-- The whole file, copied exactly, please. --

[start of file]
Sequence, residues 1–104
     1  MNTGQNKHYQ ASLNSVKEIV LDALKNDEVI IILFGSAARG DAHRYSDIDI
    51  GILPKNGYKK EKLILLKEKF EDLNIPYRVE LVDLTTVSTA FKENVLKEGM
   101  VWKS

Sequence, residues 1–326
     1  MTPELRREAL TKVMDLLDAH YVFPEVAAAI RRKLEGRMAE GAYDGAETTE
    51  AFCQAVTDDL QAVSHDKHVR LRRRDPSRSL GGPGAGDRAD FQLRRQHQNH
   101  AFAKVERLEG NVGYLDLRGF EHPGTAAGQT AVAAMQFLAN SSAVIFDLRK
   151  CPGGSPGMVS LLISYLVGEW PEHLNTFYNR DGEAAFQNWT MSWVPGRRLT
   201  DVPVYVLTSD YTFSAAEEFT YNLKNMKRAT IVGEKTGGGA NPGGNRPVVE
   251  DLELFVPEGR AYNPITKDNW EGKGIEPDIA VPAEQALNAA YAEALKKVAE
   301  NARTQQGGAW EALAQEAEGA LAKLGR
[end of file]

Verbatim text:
Sequence, residues 1–104
     1  MNTGQNKHYQ ASLNSVKEIV LDALKNDEVI IILFGSAARG DAHRYSDIDI
    51  GILPKNGYKK EKLILLKEKF EDLNIPYRVE LVDLTTVSTA FKENVLKEGM
   101  VWKS

Sequence, residues 1–326
     1  MTPELRREAL TKVMDLLDAH YVFPEVAAAI RRKLEGRMAE GAYDGAETTE
    51  AFCQAVTDDL QAVSHDKHVR LRRRDPSRSL GGPGAGDRAD FQLRRQHQNH
   101  AFAKVERLEG NVGYLDLRGF EHPGTAAGQT AVAAMQFLAN SSAVIFDLRK
   151  CPGGSPGMVS LLISYLVGEW PEHLNTFYNR DGEAAFQNWT MSWVPGRRLT
   201  DVPVYVLTSD YTFSAAEEFT YNLKNMKRAT IVGEKTGGGA NPGGNRPVVE
   251  DLELFVPEGR AYNPITKDNW EGKGIEPDIA VPAEQALNAA YAEALKKVAE
   301  NARTQQGGAW EALAQEAEGA LAKLGR